In several GI surgical specialties, laparoscopic surgery has nearly supplanted open surgery. However, the fundamentals of laparoscopic GI surgery have not yet been the subject of a published professional consensus statement. This could have had an impact on how new surgeons were trained. For a study, researchers sought to reach an agreement among experts on key laparoscopic GI surgery concepts.

Following a stringent modified Delphi process, a committee of 38 worldwide experts in laparoscopic GI surgery offered and voted on 149 statements in 2 rounds.

After 2 rounds of voting, 133 statements were agreed upon. While 84.2% of experts recommended avoiding the umbilical region for pneumoperitoneum in patients who had a prior midline laparotomy, all experts agreed that the initial port placement should be customized to the patient. Furthermore, 86.8% of respondents were in favor of sealing all 15 mm ports, regardless of the patient’s BMI. The use of cartridges of the proper height, verifying the doughnuts after utilizing circular staplers, and keeping the vibrating blade of the ultrasonic energy device in view and away from vascular structures were all unanimously agreed upon. A port site hernia is more likely when a drain is inserted through a site with a port smaller than ≥10 mm, according to 84.2% of respondents. There was 94.7% agreement that laparoscopic retrieval bags should be included in the operative count and that any surgical specimen left within should also be included.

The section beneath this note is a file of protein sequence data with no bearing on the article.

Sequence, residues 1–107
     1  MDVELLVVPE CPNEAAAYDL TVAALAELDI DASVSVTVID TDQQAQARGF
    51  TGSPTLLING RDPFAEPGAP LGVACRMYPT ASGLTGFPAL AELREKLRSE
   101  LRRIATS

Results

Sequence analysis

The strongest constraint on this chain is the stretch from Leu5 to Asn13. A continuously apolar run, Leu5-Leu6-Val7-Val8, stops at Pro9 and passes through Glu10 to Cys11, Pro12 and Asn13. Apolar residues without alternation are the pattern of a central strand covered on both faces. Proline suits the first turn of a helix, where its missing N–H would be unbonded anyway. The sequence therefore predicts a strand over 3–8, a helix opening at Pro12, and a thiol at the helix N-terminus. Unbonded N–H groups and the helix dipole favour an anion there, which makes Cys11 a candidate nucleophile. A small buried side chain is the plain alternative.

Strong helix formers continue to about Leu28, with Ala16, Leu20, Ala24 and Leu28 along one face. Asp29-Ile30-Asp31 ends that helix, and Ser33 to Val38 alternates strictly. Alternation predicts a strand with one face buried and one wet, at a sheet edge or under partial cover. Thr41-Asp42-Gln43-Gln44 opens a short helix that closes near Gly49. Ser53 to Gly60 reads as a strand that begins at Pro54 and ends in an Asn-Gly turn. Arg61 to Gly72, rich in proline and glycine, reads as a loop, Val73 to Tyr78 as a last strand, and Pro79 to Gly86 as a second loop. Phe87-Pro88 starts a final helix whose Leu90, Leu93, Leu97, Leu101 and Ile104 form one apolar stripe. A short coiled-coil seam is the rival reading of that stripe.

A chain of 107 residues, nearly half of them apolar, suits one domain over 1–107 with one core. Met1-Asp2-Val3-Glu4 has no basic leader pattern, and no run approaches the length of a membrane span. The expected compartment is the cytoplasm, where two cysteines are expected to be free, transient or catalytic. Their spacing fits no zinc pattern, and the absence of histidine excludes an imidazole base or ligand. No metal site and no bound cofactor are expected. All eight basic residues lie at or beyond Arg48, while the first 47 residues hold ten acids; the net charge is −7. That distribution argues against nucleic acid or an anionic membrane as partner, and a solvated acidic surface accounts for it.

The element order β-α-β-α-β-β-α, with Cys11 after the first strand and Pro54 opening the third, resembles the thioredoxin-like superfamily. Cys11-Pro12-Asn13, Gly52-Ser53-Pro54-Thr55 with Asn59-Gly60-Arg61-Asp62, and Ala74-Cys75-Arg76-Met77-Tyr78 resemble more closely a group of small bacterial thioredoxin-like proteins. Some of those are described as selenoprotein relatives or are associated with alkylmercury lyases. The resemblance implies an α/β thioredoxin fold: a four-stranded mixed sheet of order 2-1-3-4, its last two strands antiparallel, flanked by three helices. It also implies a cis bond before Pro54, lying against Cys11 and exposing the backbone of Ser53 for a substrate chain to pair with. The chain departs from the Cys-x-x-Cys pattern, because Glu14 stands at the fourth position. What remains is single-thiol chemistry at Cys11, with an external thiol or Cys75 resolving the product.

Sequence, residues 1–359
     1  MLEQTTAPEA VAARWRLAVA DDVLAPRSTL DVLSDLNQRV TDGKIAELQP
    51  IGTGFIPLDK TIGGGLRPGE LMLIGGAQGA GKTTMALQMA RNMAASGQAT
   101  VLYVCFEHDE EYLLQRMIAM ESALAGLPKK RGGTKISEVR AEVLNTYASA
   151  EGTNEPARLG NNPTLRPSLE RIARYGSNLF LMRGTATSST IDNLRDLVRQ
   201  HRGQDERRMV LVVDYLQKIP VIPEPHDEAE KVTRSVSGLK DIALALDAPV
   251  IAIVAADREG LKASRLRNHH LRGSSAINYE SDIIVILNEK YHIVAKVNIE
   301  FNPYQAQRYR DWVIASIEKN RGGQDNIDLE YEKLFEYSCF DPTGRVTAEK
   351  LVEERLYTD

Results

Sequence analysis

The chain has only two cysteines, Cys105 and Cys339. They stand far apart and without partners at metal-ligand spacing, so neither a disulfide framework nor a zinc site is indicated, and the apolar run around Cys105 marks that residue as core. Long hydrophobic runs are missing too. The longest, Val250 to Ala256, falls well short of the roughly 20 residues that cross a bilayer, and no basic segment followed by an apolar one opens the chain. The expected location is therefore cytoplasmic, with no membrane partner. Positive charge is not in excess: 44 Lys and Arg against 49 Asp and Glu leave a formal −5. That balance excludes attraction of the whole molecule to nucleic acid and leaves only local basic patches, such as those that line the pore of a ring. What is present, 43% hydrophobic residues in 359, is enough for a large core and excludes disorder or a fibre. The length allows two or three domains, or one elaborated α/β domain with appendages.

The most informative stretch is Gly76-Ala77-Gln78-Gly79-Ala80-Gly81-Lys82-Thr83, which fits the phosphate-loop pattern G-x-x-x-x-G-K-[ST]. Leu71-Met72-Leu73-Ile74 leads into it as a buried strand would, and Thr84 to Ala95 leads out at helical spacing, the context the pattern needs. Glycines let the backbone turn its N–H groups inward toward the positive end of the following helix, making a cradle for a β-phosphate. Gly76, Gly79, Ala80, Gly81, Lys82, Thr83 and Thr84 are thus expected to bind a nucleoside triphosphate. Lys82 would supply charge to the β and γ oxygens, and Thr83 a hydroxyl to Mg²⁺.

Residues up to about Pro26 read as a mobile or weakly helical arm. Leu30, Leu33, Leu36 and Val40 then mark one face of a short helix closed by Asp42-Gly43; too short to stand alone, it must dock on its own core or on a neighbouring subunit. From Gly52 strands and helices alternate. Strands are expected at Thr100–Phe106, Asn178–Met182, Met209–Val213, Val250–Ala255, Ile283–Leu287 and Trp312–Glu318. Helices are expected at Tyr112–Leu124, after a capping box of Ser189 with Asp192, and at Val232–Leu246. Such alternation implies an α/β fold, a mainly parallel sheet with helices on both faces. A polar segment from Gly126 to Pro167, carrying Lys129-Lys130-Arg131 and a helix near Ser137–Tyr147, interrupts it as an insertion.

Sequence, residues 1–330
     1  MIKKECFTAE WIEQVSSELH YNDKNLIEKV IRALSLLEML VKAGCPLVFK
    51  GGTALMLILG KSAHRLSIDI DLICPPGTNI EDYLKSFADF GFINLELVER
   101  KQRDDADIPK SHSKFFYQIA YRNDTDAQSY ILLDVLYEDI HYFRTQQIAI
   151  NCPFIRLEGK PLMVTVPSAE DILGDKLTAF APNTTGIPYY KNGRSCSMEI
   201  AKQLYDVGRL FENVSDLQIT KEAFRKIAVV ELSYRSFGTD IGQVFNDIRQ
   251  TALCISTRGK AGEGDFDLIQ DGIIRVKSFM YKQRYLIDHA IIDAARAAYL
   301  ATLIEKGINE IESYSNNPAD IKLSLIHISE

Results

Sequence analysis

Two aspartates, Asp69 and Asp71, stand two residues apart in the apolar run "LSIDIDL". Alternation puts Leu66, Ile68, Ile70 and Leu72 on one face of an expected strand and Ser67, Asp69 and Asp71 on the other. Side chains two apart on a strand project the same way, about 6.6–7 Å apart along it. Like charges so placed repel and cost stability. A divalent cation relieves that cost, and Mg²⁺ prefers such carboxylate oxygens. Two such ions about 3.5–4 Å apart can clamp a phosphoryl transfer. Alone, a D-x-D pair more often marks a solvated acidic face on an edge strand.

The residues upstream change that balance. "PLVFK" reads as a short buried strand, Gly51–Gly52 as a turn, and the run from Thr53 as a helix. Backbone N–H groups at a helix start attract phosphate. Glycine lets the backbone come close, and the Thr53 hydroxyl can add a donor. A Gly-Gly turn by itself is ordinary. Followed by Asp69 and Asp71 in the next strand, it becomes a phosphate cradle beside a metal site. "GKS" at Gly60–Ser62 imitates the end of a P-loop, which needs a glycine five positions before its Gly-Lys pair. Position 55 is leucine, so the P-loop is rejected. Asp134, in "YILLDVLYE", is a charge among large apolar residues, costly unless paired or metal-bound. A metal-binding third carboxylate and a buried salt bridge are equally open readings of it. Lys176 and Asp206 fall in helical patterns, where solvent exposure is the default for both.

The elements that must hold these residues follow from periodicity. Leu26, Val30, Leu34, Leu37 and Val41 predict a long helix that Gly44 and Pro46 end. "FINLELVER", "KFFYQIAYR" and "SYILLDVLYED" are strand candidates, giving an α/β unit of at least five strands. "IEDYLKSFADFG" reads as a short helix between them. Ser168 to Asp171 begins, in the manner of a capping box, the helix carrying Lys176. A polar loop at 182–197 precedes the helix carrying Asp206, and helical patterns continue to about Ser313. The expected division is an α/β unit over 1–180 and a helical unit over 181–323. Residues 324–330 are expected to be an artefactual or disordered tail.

On 133 assertions relating to various elements of laparoscopic GI surgery, 38 experts agreed. However, their greater understanding might simplify training and enhance patient outcomes.

Reference: sciencedirect.com/science/article/abs/pii/S174391912200543X